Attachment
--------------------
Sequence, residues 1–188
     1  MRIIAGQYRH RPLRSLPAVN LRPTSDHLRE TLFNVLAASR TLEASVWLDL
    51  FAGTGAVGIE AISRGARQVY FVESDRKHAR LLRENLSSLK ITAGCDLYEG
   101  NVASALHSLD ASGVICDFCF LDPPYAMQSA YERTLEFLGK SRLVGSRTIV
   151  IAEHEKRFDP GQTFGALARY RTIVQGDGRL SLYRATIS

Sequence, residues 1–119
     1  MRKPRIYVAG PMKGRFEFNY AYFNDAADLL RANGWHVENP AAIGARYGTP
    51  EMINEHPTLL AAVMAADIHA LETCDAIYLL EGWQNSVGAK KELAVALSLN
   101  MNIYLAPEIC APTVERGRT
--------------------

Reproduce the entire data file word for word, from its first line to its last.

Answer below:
Sequence, residues 1–188
     1  MRIIAGQYRH RPLRSLPAVN LRPTSDHLRE TLFNVLAASR TLEASVWLDL
    51  FAGTGAVGIE AISRGARQVY FVESDRKHAR LLRENLSSLK ITAGCDLYEG
   101  NVASALHSLD ASGVICDFCF LDPPYAMQSA YERTLEFLGK SRLVGSRTIV
   151  IAEHEKRFDP GQTFGALARY RTIVQGDGRL SLYRATIS

Sequence, residues 1–119
     1  MRKPRIYVAG PMKGRFEFNY AYFNDAADLL RANGWHVENP AAIGARYGTP
    51  EMINEHPTLL AAVMAADIHA LETCDAIYLL EGWQNSVGAK KELAVALSLN
   101  MNIYLAPEIC APTVERGRT